THE BLOG
07/11/2008 04:29 pm ET Updated May 25, 2011

The Third Screen: Kurt Andersen on Nano-Seconds of Beauty, 2008

The following is an exclusive interview with the novelist, critic, and media visionary conducted entirely in e-mails in June.

Third Screen: You're about to do some serious writing on architecture in China, another novel, and you've created media magnets including Spy magazine and VSL, hosted the public radio program Studio 360, and so forth. Are you pleased with your opportunities and abilities to weave together a personal view out of all these jobs and enthusiasms?

Andersen: Enormously, amazingly pleased by my opportunities, collaborators, and luck. Picking out individual things of which I'm especially proud is tough, though, like saying which children you love best. And it's always the next thing, the thing on which you're working now - in my case a new novel and a theater piece about Harry Houdini - that's most exciting. But Spy, while perhaps not an exemplar of "beauty" in the orthodox sense, was pretty amazing at its best. The Studio 360 show I did with Susan Sontag about war just before the Iraq invasion was good, I think. But almost every project has its moment - for instance, Very Short List, the daily "culture" e-mail I helped start, recently discovered an insanely great Web video called "Charlie Rose by Samuel Beckett" that made me very happy to see and share.

Third Screen: In a recent posting on Very Short List, you talk about what you call "the rise of ostentatious virtue" and the "marketing of compassion." Has compassion always been "marketed"? Why does it sound so dire when put that way?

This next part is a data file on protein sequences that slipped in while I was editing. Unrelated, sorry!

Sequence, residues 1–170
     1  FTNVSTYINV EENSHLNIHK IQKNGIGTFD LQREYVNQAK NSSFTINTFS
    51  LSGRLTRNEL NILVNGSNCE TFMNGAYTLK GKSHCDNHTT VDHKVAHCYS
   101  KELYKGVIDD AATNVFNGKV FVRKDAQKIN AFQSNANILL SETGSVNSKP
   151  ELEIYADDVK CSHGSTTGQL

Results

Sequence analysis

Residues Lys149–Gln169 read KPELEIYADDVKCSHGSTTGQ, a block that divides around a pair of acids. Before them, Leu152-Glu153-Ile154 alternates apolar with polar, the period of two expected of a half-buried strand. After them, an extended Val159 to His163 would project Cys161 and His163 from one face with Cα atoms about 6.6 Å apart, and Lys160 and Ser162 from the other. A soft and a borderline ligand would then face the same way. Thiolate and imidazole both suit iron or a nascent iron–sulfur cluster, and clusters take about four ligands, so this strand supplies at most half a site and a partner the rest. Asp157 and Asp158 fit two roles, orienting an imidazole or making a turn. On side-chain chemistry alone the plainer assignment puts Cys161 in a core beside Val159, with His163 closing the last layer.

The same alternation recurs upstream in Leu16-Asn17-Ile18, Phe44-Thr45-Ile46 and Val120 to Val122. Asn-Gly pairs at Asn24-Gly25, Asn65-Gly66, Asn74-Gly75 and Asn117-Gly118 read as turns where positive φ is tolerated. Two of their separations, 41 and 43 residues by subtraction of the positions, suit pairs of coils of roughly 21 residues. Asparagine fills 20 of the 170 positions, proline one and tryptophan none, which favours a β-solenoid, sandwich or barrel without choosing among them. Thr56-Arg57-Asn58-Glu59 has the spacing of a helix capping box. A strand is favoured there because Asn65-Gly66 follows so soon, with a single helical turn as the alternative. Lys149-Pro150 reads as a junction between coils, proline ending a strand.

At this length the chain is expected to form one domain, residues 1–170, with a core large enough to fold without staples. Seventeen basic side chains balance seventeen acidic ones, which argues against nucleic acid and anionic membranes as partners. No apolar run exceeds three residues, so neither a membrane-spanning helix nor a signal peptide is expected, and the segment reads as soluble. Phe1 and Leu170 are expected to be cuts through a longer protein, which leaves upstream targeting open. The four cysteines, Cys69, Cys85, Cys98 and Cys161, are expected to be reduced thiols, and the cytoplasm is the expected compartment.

Andersen: I don't think there's anything, probably, including compassion, that's marketed as intensely today. And as far as I know, markers to demonstrate that one is "good" - pinning on colored ribbons or flag pins or wristbands or whatever - have never been so conspicuous or ubiquitous. Compassion is supposed to be a matter of deeds more than a symbol, and the balance between public credit-taking and anonymity is supposed to tip more toward the former.

Third Screen: Has "ostentatious virtue" replaced what we used to call charity or progress, subjects you write about in your last novel, Heyday?

Andersen: Well, we used to call "progress" the creation of sensible government programs to provide for the poor and weak and ill. And charitable impulses are great, but crowing about them, especially when you're crowing about a sentiment rather than an action, has gotten a bit out of control.

Third Screen: The triumph of intention or staging over action? How about conspicuous non-consumption for "just say no to drugs" or not wearing fur or eating meat, where what you don't do is the point?

Andersen: That's good. I remember becoming familiar with (and liking) the phrase "reverse snobbery" when I was a little kid in the 1960s - probably concerning the VW bug we owned and probably from my mother, who was both a snob and a reverse snob. The people who claim to watch no TV except PBS are, of course, conspicuous non-consumers as well.

Third Screen: How do you see it taking shape in the media? Are you concerned that journalists, readers, viewers, unique visitors, care too much about the safer sides of complex issues?

Andersen: Not so much. At least no more concerned that I would've been if you'd asked 10 or 20 or 30 years ago.

Third Screen: Is there a humanitarian underpinning then, behind your work as a novelist and journalist? For writers, is publication the ribbon on our lapel? And what does that say, then, about who our viewer/reader is?

Andersen: "Humanitarian underpinning" is way too grand a thing to claim unless you're Nelson Mandela or Elie Wiesel or Cameron Sinclair or soembody, but sure: trying, in our uncertain little ways in our tiny corners of the world, to tell some bit of truth or create some nanosecond of beauty ... that's a humanitarian effort, isn't it?